Kovalchuk had an assist in first game with the Habs and then added two more in his next contest. He scored his first goal in a Habs jersey when he fired a wrist shot in overtime to defeat the Ottawa Senators. He added two more goals on Thursday night against the Philadelphia Flyers and buried his own rebound and then scored in the shootout in a 5-4 win over the Vegas Golden Knights on Saturday.

In all, Kovalchuk has four goals and four assists in eight games with the Montreal Canadiens. He has erased all doubt about what abilities he has left and has proven many people wrong in just two short weeks.

A lot of people were curious as to why Marc Bergevin would sign Kovalchuk at all. The current contract has been such an absolute steal, it is time for Bergevin to start considering giving Kovalchuk another contract.

Yes, he is 36 years old and the Habs should be looking to get younger and it makes sense to sell off veterans at the trade deadline when your team is struggling. However, there are many positives to keeping Kovalchuk around longer than just the next few weeks.

His presence on the team has been nothing but positive. By all accounts, Kovalchuk is a fantastic teammate and is becoming a fan favourite very quickly. He brings a positive energy on and off the ice that is infectious and a fantastic model for the younger Canadiens players. With a lot of younger players and prospects ready to turn pro soon, having a hardworking, positive, fun veteran presence in the locker room would be invaluable.

Two prospects in particular that could be Habs rookies next season would learn a lot from Kovalchuk. Alexander Romanov is likely to moving to Montreal from Moscow, Russia. He was excellent at the past two World Juniors, has played two full seasons in the KHL on a strong team and appears ready to make an impact at the NHL level next fall.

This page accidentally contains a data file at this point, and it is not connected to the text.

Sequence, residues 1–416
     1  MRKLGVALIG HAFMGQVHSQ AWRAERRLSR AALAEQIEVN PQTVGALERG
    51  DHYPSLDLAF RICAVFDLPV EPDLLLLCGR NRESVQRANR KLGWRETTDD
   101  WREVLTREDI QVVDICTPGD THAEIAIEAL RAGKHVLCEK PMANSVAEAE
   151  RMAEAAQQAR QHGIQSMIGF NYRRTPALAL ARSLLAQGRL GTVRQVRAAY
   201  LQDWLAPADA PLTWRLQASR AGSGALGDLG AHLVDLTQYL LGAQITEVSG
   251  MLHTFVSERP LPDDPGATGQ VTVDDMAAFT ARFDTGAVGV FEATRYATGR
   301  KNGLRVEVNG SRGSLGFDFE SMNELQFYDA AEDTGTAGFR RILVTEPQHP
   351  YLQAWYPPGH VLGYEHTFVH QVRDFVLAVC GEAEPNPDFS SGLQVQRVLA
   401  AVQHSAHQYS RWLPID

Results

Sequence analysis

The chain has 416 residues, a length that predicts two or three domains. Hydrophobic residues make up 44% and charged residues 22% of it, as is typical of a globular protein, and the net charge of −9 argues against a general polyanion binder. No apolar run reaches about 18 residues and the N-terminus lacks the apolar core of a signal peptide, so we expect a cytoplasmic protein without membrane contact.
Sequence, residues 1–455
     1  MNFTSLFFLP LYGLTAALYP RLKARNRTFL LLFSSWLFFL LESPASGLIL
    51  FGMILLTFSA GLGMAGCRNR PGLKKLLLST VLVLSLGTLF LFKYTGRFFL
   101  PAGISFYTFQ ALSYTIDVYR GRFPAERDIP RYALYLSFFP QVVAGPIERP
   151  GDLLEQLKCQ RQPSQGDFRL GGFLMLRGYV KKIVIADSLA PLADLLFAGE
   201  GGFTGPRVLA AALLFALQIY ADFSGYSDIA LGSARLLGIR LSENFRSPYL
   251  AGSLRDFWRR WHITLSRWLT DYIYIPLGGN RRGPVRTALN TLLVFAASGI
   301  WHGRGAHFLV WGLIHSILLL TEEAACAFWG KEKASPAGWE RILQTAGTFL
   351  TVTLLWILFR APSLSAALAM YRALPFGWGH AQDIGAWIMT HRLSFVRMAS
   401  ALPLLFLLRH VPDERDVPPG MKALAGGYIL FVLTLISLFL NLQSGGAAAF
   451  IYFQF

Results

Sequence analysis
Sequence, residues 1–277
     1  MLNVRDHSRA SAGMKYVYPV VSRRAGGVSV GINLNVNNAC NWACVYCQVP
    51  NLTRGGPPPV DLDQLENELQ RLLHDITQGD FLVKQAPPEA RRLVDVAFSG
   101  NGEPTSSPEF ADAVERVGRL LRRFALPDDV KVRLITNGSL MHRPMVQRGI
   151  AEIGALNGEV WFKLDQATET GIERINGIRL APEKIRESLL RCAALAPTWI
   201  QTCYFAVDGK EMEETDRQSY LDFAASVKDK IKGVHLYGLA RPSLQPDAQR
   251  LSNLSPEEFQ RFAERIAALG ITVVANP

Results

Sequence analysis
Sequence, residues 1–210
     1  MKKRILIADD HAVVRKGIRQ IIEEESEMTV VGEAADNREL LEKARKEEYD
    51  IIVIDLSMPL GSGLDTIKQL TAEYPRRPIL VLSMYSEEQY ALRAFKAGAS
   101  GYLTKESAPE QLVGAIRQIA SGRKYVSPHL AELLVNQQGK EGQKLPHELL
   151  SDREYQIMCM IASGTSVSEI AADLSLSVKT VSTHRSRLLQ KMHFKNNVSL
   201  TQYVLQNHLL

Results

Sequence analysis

The only problem is he is moving halfway across the world and the Habs currently have no other Russian players under contract for next season. Wouldn’t it be great for him to sit next to a fellow Russian who has over 900 NHL games and close to 300 KHL games of experience?

Another Habs prospect that could learn a lot from a player like Kovalchuk is Cole Caufield. Kovalchuk has been a dangerous goal scorer since he was drafted close to 20 years ago and Caufield has the skills and attributes to be a goal scoring threat at the NHL level as well. Having a player like Kovalchuk to talk to about the nuances of firing pucks past NHL goaltenders would be a huge advantage for a 19 year old first round pick.

The Canadiens are going through a bit of a re-tool or rebuild phase right now. However, Kovalchuk has fit in perfectly in his short time with the franchise. Sometimes players just don’t really fit with a certain team and that happened with Kovalchuk in Los Angeles. Sometimes players click immediately with other teams and that is what happened with Kovalchuk in Montreal.

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Hopefully we get to see one more year of Kovalchuk playing with the Habs. He doesn’t need to keep scoring at a point per game pace for a one-year extension to be worthwhile. They just need him to fit in their top nine and teach the younger players, especially Caufield and Romanov how to be pros and how to be successful in the National Hockey League.